Great ideas everyone thanx. One thing I have done, for leather & suede that has worked in the past is to use duct tape. I adhere the tape to the spot and lift it off. Be careful though because if the tape is stuck on too long you will have the problem of getting the sticky residue off. Also– do a test spot because sometimes it pulls some color with it. My son used this method when a friend’s suede boots absorbed dye from her new jeans. Her new, but dry, jeans rubbing caused color transfer. It was her first time wearing the boots and it saved them. I had success with the tape on leather seats in a car.

    JILLEE–help it seems I can only access your new posts through e-mail. If I go directly to your site all I get is the mousepad how to.

    Reply
  28. mtb

    SORT of off-topic-SORT of kind of…The first thing I would do when I got a pair of leather sandals or Doc Martin or hiking boots was to trot down to The Great Salt Lake and walk through ankle deep water for about thirty minutes or so.

    This 1. preserved the leather, 2. molded my shoes to my feet thus eliminating blistering problems, 3. made my feet all soft and happy as little clams

    Lacking the lake now that I have moved far away and long ago, I soak them in a salt-filled bath tub (which works with cowboy boots now that I have moved to cowboy boot land).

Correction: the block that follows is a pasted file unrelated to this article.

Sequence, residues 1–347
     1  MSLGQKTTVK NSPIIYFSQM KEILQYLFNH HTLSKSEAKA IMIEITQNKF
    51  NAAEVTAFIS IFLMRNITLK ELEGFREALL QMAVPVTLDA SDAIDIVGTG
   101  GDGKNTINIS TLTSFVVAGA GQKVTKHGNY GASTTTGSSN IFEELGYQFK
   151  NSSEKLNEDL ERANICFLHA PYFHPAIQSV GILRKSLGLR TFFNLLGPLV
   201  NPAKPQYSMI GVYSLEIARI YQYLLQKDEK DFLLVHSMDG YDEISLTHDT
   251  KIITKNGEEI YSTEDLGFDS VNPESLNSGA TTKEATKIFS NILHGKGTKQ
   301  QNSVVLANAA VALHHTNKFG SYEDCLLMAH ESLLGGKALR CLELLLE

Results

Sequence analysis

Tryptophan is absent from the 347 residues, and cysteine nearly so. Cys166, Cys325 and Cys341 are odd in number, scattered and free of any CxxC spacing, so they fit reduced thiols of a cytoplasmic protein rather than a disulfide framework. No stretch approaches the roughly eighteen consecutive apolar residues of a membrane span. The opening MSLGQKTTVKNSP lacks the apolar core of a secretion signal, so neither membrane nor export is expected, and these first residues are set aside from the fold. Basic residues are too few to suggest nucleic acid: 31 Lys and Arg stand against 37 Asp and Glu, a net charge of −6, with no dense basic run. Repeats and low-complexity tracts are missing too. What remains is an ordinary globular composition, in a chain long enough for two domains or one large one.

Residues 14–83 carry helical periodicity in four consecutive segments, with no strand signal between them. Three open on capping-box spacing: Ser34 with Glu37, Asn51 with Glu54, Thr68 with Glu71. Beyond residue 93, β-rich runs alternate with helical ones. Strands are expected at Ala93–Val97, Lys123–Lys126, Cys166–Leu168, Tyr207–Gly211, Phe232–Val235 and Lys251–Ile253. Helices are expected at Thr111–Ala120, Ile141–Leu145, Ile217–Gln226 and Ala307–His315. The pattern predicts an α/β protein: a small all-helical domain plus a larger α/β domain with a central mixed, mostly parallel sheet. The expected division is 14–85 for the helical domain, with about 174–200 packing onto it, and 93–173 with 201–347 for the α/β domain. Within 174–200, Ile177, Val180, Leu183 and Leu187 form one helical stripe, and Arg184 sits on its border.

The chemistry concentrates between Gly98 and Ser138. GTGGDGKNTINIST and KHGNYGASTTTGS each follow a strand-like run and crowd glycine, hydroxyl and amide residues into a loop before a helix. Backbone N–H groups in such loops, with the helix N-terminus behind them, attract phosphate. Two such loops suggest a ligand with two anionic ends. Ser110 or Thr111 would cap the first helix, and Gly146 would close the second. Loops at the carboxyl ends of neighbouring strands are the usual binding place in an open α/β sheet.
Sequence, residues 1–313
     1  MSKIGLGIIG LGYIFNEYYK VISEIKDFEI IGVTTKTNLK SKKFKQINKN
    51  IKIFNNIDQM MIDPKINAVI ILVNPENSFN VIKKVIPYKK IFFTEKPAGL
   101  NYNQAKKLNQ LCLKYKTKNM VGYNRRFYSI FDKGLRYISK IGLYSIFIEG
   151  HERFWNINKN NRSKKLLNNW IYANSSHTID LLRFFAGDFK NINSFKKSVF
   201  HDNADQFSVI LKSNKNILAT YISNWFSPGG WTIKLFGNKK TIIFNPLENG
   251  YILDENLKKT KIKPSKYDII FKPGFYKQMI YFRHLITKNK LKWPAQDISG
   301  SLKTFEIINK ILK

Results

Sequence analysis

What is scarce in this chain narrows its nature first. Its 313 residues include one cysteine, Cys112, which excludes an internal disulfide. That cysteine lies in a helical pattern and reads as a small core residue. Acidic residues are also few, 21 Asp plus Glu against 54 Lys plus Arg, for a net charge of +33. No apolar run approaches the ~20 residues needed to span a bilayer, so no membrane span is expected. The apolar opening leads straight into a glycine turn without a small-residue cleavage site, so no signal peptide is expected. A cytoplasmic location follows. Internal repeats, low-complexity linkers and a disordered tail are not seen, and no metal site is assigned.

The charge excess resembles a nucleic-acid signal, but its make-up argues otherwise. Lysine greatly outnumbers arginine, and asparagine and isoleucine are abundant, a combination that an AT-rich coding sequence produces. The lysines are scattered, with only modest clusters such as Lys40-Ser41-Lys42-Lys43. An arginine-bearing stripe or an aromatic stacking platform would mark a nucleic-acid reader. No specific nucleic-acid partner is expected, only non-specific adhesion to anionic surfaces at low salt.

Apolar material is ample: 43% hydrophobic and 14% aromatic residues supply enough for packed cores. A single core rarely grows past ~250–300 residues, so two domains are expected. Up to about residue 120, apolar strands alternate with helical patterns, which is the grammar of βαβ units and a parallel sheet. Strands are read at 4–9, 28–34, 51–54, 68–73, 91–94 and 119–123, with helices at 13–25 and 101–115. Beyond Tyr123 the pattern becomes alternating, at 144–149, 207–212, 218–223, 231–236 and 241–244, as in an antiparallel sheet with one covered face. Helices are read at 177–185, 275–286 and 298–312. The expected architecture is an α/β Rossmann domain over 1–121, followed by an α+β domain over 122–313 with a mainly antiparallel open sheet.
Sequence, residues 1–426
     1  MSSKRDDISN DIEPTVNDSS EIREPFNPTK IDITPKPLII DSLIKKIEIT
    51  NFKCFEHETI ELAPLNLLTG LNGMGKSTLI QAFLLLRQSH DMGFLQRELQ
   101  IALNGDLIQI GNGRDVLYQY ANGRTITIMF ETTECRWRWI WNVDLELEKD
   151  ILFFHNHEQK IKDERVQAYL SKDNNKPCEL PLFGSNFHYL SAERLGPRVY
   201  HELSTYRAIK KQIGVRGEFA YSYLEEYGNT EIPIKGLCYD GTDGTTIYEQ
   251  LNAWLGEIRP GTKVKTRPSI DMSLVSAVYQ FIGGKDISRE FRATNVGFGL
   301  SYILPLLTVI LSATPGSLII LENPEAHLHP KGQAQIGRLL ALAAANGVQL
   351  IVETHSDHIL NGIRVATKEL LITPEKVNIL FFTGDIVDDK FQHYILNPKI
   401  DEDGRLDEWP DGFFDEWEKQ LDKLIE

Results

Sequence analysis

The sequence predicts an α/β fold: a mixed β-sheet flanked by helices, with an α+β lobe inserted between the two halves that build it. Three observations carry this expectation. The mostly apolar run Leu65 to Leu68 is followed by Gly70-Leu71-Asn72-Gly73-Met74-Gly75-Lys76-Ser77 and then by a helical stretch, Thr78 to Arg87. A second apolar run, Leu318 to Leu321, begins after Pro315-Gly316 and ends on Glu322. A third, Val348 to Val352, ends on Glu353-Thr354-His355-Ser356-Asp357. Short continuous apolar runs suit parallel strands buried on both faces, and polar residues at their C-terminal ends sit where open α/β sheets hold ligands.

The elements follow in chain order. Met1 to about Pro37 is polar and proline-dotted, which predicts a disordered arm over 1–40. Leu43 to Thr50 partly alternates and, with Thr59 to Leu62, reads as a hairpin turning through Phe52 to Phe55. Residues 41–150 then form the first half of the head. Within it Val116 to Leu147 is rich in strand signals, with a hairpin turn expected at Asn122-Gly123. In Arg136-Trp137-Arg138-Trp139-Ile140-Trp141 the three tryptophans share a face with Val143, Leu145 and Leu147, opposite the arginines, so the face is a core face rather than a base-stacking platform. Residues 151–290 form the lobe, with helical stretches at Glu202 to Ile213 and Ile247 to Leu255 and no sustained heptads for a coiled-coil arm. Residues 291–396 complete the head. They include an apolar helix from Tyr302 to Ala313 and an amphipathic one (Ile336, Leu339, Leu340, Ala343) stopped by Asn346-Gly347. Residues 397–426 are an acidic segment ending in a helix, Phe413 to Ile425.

Love you, Love your blog.

    Reply
  29. Patt Butti

    On this leather discussion, I received a beautiful maroon leather chair and ottoman. It is in beautiful shape, except that it has the dye worn off in places. It’s not scratched, but on the arms seat and top it looks all much lighter color. It almost looks scratched because of the folds in it. I’ve thought about dying it, but have no experience in this and don’t want it to end up like a hodge podge either. Has anyone had experience in dying furniture that could give me some hints?

    Reply
    1. Lucia Lowry

      Find an old fashioned shoe repair shop and ask them. They used to re-dye shoes once upon a time and I imagine the dye was obviously waterproof to last on shoes.

      Reply
  30. Sherry

    I rarely get my purses dirty because I am OCD about keeping them nice! I NEVER sit them on the floor, but keep on my lap or hang on the back of a chair, etc. Good info though since I love to find leather treasures at the thrift stores!! I’ve found some fabulous Coach ones!

    Reply
  31. Shirley

    Thank you for this. I have a leather coat I bought at Goodwill for $10 but haven’t worn it because I felt like it needed to be “clean” before I put it on. Will try your method.

    P.S. What is “Pin It”?

    Reply
    1. Gwyn

      It’s a quick way to put the link onto your Pinterest board. Pinterest is a way to corral or save things you find on the web that you would like to refer back to. It’s handy, free and worth checking it out if you haven’t already.

      Reply
    2. Tori